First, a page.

‘Kashmir resolution as pre-condition for talks will not work anymore’

Mumbai: Maintaining that wars between the two countries have fetched no returns, Pakistan Wednesday said it wants a sustained and comprehensive dialogue process with India and asserted Prime Minister Nawaz Sharif was keen on peace with New Delhi for growth and prosperity of his country.
“Our Prime Minister Nawaz Sharif is very clear about his views, his policies and his vision. He has articulated that unless we have peace with India, it would continue to be very difficult to attain our aspirations of development and prosperity,” Pakistan High Commissioner to India Abdul Basit said this evening.
Stating that peace is in the mutual interest of both the countries, he said, “We have fought wars in the past and have achieved nothing out of them. For peace, we would like to have a sustained and comprehensive dialogue process.
“At one stage, Pakistan was reluctant to enter into a dialogue process with India. We wanted the Jammu and Kashmir issue to be resolved first, but that did not work, nor will it work in the future if we have any pre-conditions.”
Basit was speaking at an event organised here by Asia Society to discuss the future of South Asian diplomacy.
He said Pakistan entered into a military alliance with China to contain India and stave off threat to its security.
“Given our problems with India, security then, was the foremost concern and in the process, we joined military alliances, which we thought would help us contain India and enhance our security. So China and Pakistan became great friends. Our relation with China is exemplary and has withstood many a test over the decades,” he said.
The envoy said Pakistan had got worried when India conducted its first nuclear test, and it prompted Islamabad to look for nuclear capability.
“India conducted its first nuclear test in 1974 and Pakistan really got worried about that. Considering our legitimate security requirements, we also started looking for nuclear capability. We were conscious of the fact that India had conducted its first nuclear test.”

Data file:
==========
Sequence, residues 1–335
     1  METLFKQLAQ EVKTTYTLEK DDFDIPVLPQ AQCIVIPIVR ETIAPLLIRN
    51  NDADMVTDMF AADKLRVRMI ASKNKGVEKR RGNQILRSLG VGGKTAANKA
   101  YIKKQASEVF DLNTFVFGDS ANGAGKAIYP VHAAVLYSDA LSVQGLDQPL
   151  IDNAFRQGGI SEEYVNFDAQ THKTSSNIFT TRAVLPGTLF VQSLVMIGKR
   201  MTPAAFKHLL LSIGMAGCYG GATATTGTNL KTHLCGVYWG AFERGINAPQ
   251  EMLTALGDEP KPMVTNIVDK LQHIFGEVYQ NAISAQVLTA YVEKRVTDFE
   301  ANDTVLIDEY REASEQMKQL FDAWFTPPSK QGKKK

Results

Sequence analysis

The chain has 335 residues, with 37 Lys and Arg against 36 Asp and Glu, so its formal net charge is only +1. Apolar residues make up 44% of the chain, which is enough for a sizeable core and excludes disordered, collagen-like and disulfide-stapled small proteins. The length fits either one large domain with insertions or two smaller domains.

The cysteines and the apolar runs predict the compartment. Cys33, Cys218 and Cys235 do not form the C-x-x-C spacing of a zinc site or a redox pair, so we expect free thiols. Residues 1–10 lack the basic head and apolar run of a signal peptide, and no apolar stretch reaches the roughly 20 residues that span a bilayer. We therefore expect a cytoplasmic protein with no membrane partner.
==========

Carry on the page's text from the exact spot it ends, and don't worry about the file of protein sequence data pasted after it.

On being reminded Mumbai is a city that has suffered the most at the hands of terrorism, Basit maintained Pakistan itself is a victim of that menace and said judiciary in Pakistan is independent and the perpetrators of attacks in the metropolis will be brought to justice, even if it takes time.
“What happened to the Samjhauta Express trial here? That (blasts) happened in February 2007 in which 42 Pakistanis were killed. But we still do not have any verdict.
“No one has been convicted. These things do take time. We would like all those, if they have contributed or played any role in carrying out those highly reprehensible acts in Mumbai, should be brought to justice,” Basit said, referring to the 26/11 terror attacks in Mumbai.
A Pakistani anti-terror court is trying seven suspects charged with involvement in the Mumbai attacks which left 166 people dead.
On military having a dominant role in Pakistani affairs, the envoy said of late there has been a shift on this front.
“Security has always dominated the discourse in Pakistan.
But discourse is now gradually shifting from security to development, which is giving rise to civilian institutions. A positive role has been played by globalisation in shifting this discourse,” Basit said.
Expressing disappointment over intra-South Asia trade being at 4-5 per cent of the global trade, Basit said if there is peace between India and Pakistan, both countries can change the ways things are going on at present.